How Tai Chi Helps Addiction
People who practice Tai Chi during recovery report something important: they relearn how to connect with their minds and bodies. They become more attuned to their thoughts and feelings. When combined with traditional therapy, this connection to their bodies and this renewed awareness of thoughts and emotions can help people in recovery cope with the stress and strain of everyday life.
Learning to cope with negative thought patterns is critical to the recovery process. Like mindfulness, Tai Chi teaches people in recovery to detach from and observe their thoughts and emotions as they are, not as they wish them to be. This – in conjunction with traditional therapy and support – enables people in recovery to recognize and free themselves from the patterns of thought and emotion associated with addiction. Instead of responding instinctively to triggering emotions and turning to alcohol or drugs for momentary relief, Tai Chi – and mindfulness practices in general – can help people in recovery move from reactive modes of thought and behavior to proactive modes of thought and behavior.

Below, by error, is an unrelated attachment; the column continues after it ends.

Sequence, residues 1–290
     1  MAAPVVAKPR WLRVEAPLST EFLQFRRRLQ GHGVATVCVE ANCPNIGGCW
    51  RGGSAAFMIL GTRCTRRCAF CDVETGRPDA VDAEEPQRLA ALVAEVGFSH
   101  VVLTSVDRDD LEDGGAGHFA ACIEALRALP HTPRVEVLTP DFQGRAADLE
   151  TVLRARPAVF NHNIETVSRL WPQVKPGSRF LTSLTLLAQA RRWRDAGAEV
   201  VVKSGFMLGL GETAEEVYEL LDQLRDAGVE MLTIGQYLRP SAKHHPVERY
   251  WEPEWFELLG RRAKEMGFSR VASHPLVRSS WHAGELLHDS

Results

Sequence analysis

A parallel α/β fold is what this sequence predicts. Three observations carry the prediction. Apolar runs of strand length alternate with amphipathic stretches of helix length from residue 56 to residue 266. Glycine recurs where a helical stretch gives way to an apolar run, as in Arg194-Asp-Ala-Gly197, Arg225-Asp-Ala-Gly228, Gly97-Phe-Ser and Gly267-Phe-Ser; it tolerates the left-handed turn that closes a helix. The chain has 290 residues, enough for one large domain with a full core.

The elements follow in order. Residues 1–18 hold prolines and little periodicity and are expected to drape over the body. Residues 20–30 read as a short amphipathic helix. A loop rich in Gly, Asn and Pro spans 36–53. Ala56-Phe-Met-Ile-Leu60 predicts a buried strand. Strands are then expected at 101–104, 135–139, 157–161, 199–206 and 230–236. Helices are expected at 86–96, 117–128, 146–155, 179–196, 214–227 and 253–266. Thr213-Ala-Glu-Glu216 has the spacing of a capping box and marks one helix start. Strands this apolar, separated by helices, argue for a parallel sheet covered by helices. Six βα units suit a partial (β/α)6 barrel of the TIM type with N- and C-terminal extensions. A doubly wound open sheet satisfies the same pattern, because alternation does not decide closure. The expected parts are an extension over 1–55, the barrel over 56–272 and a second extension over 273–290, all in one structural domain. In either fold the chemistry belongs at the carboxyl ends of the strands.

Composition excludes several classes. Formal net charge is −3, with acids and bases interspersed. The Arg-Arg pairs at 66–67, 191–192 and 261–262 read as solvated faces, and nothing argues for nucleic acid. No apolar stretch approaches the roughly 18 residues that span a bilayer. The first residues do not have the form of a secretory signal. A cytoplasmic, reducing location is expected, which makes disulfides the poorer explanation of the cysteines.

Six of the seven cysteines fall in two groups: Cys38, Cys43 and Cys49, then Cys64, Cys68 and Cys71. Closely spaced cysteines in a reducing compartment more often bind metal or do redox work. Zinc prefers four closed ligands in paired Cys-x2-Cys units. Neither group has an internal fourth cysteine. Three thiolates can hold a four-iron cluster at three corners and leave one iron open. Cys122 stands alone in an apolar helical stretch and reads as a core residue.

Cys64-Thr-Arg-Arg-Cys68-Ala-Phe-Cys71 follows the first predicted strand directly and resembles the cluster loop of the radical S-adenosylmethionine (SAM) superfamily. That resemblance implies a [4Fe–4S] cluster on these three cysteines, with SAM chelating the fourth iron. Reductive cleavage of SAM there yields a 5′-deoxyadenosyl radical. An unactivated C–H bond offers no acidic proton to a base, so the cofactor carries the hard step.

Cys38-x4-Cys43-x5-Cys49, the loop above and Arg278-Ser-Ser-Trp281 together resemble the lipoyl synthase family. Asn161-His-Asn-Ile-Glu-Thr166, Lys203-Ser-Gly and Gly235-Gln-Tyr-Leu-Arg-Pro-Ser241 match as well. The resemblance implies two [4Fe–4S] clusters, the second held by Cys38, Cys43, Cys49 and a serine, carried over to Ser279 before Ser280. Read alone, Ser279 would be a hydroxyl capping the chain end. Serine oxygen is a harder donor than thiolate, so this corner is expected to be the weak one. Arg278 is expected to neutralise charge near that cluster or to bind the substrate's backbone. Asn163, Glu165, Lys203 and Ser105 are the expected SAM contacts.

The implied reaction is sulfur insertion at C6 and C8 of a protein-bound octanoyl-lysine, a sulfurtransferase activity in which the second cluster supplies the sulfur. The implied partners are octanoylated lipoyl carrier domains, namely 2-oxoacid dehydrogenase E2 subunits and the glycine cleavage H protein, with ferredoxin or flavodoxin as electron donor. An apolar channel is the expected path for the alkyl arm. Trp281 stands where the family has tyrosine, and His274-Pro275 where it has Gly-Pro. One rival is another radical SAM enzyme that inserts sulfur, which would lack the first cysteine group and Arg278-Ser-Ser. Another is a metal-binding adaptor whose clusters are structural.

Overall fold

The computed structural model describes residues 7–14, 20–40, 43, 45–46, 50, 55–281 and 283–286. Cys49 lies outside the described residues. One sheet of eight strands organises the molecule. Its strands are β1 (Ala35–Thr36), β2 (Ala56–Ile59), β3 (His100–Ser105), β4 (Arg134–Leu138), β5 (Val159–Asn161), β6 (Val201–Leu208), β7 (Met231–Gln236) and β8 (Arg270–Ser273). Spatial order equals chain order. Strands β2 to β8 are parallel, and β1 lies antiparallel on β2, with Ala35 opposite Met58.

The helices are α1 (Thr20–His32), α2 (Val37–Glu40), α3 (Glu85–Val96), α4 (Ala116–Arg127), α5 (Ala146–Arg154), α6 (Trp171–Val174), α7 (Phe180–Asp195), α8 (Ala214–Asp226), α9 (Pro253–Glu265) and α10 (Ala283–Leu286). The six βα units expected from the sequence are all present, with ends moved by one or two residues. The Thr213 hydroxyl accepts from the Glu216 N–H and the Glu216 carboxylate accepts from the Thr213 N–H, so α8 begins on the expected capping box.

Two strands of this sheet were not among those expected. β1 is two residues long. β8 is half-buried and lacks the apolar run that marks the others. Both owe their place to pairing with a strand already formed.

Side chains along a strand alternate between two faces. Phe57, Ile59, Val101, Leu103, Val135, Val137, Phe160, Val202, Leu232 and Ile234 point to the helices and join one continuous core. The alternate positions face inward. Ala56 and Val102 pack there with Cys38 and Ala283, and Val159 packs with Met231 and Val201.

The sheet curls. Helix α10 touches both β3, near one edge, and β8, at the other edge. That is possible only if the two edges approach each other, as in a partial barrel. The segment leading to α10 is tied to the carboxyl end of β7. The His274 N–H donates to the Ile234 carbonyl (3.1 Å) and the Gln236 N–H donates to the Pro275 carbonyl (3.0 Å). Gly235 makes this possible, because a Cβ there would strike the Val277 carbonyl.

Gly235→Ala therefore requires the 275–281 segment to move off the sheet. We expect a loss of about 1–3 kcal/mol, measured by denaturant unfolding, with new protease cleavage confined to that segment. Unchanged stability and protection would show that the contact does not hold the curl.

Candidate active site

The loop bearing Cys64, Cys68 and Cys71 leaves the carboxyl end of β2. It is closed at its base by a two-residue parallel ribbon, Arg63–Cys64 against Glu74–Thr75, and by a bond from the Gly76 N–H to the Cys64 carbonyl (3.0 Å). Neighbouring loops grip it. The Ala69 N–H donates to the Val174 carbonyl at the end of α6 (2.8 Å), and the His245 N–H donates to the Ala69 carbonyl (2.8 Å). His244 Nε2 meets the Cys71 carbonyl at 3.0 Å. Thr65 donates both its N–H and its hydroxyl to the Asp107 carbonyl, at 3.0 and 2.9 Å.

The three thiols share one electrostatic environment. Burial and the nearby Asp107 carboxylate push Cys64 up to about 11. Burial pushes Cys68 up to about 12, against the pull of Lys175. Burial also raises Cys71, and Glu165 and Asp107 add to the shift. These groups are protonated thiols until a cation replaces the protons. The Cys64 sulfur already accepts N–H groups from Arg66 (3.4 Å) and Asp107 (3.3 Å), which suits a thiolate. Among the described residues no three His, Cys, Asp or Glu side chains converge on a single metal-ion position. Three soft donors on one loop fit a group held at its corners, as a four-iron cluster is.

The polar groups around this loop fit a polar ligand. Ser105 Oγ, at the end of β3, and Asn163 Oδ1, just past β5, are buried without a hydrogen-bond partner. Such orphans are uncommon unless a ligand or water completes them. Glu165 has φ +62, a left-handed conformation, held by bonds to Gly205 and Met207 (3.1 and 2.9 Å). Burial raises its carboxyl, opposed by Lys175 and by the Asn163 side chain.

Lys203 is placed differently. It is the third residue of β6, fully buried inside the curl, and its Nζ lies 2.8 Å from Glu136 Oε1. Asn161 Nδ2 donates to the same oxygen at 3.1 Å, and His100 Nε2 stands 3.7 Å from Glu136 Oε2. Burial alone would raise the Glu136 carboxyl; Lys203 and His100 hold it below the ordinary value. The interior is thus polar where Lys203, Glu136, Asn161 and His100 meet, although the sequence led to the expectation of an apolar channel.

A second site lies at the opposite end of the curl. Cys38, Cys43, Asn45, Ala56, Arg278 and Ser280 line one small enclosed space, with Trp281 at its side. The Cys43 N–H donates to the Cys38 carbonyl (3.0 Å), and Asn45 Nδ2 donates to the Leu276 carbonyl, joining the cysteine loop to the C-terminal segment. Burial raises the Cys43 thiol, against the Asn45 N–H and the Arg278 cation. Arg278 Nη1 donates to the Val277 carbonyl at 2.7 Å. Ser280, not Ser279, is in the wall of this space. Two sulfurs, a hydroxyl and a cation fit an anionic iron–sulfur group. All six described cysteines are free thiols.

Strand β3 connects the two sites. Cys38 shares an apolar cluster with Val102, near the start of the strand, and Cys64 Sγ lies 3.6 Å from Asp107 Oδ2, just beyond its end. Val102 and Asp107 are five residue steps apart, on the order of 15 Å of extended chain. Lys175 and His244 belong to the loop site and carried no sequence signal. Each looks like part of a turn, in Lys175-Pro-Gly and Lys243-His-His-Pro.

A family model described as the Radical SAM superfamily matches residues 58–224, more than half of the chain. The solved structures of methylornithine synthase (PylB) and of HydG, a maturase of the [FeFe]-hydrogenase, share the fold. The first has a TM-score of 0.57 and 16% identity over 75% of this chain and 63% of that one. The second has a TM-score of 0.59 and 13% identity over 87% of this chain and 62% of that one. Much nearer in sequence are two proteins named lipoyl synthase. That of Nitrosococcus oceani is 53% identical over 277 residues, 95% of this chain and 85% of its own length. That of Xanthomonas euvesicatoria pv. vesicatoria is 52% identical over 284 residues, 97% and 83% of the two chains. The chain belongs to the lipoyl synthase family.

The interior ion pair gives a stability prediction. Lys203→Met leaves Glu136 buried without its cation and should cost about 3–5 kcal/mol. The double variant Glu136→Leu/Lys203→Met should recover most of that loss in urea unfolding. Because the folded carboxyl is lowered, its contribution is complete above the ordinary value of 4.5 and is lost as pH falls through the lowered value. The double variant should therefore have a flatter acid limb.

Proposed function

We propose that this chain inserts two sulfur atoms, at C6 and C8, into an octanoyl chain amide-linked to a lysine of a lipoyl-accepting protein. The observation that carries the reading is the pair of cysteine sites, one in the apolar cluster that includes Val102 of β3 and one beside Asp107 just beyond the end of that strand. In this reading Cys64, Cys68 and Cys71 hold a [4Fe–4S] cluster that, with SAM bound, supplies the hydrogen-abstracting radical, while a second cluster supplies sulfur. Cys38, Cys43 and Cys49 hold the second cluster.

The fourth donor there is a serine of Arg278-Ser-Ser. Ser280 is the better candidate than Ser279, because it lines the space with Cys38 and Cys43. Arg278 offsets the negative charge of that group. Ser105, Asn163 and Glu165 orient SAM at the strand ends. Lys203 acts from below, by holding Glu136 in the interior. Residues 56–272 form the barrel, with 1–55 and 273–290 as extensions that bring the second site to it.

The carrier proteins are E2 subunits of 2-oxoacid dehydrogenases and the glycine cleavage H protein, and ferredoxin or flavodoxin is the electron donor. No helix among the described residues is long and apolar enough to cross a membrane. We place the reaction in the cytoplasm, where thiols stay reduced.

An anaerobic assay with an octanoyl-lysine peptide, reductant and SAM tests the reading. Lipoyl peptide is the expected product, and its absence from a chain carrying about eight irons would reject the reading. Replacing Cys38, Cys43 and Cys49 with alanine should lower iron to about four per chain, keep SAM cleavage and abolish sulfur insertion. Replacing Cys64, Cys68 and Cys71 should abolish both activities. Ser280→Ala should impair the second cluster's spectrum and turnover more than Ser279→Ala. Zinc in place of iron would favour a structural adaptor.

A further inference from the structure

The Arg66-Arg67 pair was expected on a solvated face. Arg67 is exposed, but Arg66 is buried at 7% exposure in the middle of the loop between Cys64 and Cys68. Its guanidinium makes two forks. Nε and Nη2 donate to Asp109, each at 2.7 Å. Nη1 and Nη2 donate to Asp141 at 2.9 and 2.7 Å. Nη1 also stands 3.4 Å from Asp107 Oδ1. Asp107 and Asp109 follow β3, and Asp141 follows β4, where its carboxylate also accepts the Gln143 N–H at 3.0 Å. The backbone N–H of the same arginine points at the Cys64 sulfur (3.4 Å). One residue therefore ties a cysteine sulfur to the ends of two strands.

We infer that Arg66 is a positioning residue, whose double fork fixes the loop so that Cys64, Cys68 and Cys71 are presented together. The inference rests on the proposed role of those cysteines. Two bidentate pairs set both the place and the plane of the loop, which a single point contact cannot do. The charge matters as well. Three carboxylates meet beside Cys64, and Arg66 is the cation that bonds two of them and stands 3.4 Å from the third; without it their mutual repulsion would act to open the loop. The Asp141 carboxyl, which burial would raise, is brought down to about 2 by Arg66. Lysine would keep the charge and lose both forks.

For people in the early stages of recovery whose emotions may be all over the map, Tai Chi can help stabilize moods, provide mental focus and clarity, and smooth out the rough spots. For people later in recovery, Tai Chi can be a key element in an ongoing recovery plan. In the language of Twelve-Step programs, Tai Chi is a top-line recovery activity. It checks all the boxes. It’s good for your mind and body. It can be practiced alone or in groups – check that social box. And it can provide a big boost to your emotions and self-esteem – check that emotional regulation box.
How to Get Started